|Crop Knowledge Master|
Orchidophilus atterimus (Waterhouse)
Victoria L. Tenbrink, Research Associate
Arnold H. Hara, Entomologist
Beaumont Research Center
Recorded hosts of the orchid weevil include these genera of Orchidaceae: Dendrobium, Vanda, Phalaenopsis, Renanthera, Angraecum, Saccolobium, Cymbidium, Spathoglottis (Swezey, 1945).
Orchid weevils were first observed in Hawaii at an orchid house in Honolulu in 1910. Accidentaly introduced from Asia, the orchid weevil occurs on Kauai, Oahu, Maui and Hawaii. Asian locations include Singapore, Philippines, Thailand, Indonesia and Japan. Because of plant movement and glasshouse orchid culture, it occurs in temperate regions as well ( Swezey, 1945; Mau, 1983).
Orchid weevil larvae and adults have chewing mouthparts. They feed on orchid flowers and on tender tissues at the growing points of orchid plants. These tissues can be stems, leaves, and exposed roots. The adult females chew feeding holes into pseudobulbs or other plant parts, crawl in, and deposit eggs. After hatching, the grubs continue feeding, creating frass/fiber chambers suitable for pupation. Pupae do not feed. adults eventually eat their way out of the pseudobulb. While feeding may not kill the pseudobulbs, bulbs often stop growing and fail to produce flowers. Color break, a white streaking of Vanda flowers, is associated with larval infestation of pseudobulbs or stems (Mau, 1983; Hara & Mau, 1988).
Orchid weevils lay eggs inside pseudobulbs, in leaves (Dendrobium)and in leaf axils (Vanda). In the laborabory, eggs hatch in 11 days. Larvae feed for about 4 months, molting at least 4 and maybe 5 times. Pupation, or the transformation from larva to adult, lasts 16 days. Total development time from egg to adult is about 5 months. Adults live 9 months to a year (Mau, 1983).
Eggs are tiny (1/32 in) ovals. At first they are white, but during the last few days the jaws of the grubs are visible as triangular brown spots. The last day before hatching the heads of the grubs are visible (Mau, 1983).
The legless body is white to yellow-white, with a light brown head which darkens during development. Mature larvae are 3/8 in long by 1/4 in wide. Larvae feed immediately after hatching from the egg (Mau, 1984).
When fully grown, larvae enter the pupal stage. This is the stage of transformation to adult. In preparation, larvae construct chambers of frass and fibers. Development of pupae usually occurs inside pseudobulbs. The total time for transformation from a white, legless grub to a dark weevil with legs, antennae, and wings is a little over 2 weeks (Mau, 1984).
After hardening and before emergence from the pseudobulb the adult is totally black. About 2 weeks after pupation, adults chew holes about 1/16 in across and crawl out of the pupation site. (Mau, 1984). Adults have long, curved snouts typical of weevils (Marsden, 1979) The hard wingcovers have distinct, longitudinal grooves. It is not easy to tell males from females. Males are, on the average, larger than females, but small features identifiable in the lab are the only sure means of sexing the weevils (Mau 1984). Orchidophilus aterrimus is the largest of the so-called orchid weevils in Hawaii. They range from 3.5 to 6 mm (1/8 - 1/4 in) long. The lesser orchid weevil overlaps the lower end of the size range (Buchanan, 1935).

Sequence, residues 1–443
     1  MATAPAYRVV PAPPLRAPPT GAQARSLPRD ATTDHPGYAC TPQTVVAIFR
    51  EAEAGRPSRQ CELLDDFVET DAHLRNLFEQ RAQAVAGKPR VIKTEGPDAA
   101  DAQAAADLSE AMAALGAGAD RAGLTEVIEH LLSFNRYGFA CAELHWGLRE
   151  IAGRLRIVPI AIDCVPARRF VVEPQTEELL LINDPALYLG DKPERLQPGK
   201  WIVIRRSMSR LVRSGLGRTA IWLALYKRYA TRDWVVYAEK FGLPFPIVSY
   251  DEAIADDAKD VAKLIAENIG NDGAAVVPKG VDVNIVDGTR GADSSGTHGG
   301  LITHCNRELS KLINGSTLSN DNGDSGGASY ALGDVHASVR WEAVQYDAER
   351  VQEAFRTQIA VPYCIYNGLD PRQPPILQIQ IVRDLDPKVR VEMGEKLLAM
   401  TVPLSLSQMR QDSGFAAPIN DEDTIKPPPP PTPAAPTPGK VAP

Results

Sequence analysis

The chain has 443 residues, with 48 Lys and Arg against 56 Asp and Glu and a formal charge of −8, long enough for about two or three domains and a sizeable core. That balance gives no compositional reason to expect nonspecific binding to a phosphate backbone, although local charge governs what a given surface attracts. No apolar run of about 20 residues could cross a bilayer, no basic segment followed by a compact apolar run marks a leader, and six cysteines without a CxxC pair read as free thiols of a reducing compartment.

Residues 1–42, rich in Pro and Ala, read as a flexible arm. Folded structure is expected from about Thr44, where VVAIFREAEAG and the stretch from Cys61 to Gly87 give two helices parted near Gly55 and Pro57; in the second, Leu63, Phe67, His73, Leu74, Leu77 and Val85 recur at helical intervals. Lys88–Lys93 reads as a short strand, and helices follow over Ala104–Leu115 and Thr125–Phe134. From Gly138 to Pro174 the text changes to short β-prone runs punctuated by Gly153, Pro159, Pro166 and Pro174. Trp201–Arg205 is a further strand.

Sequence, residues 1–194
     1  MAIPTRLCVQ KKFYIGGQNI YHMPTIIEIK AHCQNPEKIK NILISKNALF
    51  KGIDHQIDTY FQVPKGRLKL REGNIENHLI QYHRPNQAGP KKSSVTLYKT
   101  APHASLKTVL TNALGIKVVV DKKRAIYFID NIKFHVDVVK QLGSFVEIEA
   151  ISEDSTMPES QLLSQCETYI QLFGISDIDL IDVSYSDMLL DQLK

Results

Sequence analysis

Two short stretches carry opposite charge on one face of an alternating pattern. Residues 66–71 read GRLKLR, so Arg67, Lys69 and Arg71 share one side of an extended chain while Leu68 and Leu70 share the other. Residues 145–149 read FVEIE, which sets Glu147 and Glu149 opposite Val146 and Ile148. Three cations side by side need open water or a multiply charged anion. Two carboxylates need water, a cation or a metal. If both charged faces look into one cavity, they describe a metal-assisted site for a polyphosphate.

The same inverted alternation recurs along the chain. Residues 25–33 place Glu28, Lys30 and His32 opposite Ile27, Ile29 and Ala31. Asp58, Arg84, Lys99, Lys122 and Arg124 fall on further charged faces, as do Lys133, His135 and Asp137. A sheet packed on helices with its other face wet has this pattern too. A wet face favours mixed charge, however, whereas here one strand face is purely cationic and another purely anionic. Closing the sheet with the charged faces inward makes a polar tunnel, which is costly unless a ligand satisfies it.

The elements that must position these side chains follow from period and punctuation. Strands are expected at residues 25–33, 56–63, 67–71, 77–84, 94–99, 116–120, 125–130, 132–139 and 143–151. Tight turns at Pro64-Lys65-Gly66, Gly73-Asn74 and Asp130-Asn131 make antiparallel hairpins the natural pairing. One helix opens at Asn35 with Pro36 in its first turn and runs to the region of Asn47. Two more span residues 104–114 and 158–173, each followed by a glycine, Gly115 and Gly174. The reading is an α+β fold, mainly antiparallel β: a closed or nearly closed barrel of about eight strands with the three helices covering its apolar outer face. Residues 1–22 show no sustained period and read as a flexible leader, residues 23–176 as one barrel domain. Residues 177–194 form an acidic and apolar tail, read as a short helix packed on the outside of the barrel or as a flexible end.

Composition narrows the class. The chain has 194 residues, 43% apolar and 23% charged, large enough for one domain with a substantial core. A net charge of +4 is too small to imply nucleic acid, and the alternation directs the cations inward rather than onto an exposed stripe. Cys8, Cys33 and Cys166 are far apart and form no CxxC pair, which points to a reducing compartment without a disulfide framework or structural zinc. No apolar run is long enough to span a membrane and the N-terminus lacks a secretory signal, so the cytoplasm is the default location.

Feeding and reproductive behavior occur more in light than in darkness (Mau, 1983). When disturbed, weevils immediatelly drop from the plant and play dead.
Information lacking. Generalist predators such as spiders, toads, and birds can be expected to feed on orchid weevils.
Plants with feeding damage should be immediately destroyed. This may prevent spread of an infestation if done soon enough.
In bioassays, organophosphates and synthetic pyrethroids were effective against orchid weevils. Synthetic pyrethroids had greater residual activity, and some were superior to others in their effectiveness (Hata & Hara, 1991; Hata & Hara, 1992; Hara & Hata, 1994). Consult the University of Hawaii Cooperative Extension Service for effective, currently registered chemicals. An effective spray progam may last as long as 144 days, the average life cycle of the weevil. Contact sprays must reach the insect, or the insect must encounter the residue. In the field, sprays tested were only effective against adults. Control was effective after 4 months of spraying every 3 weeks. (Hara & Mau, 1988).
A pyrethroid dip will help eliminate adults harbored in leaf axils but will probably not affect eggs, larvae and pupae inside stems or leaves. Material with feeding holes should be discarded.
Buchanan, L. L. 1935. A new Genus and Species of Orchid Weevils (Coleoptera, curculionidae, Barinae). Proc. Haw. Ent. Soc. 9: 45-48.
Hansen, J. D., A. H. Hara & V. L. Tenbrink. 1992. Insecticidal dips for disinfesting commercial tropical cut flowers and foliage. Tropical Pest Management 38: 245-249.
Hara, A. H. & R. F. L. Mau. 1988. The orchid weevil, Orchidophilus atterimus (Waterhouse): insecticidal control and effect on vanda orchid production. Proc. Haw. Ent. Soc. 26: 71-75.
Hara, A. H. & T. Y. Hata. 1994. Residual activity of insecticides on dendrobium for control of orchid weevils, 1993. Insecticide and Acaricide Tests, 19: 369-370.
Hata, T. Y. and A. H. Hara. 1991. Control of Orchid Weevils on Dendrobium, Hawaii, 1990. Insecticide and Acaracide Tests, 16: 252.
Hata, T. Y. and A. H. Hara. 1992. Control of Orchid Weevils on Dendrobium, Hawaii, 1991. Insecticide and Acaracide Tests, 17: 348.
Marsden, D. A. 1979. Orchid Weevils. Insect Pest Series no. 11. University of Hawaii at Manoa College of Tropical Agriculture and Human Resources Cooperative Extension Service: Honolulu.
Mau, R. F. I. 1984. Development of the orchid weevil, Orchidophilus atterimus (Waterhouse). Proc. Haw. Ent. Soc. 24: 298-297.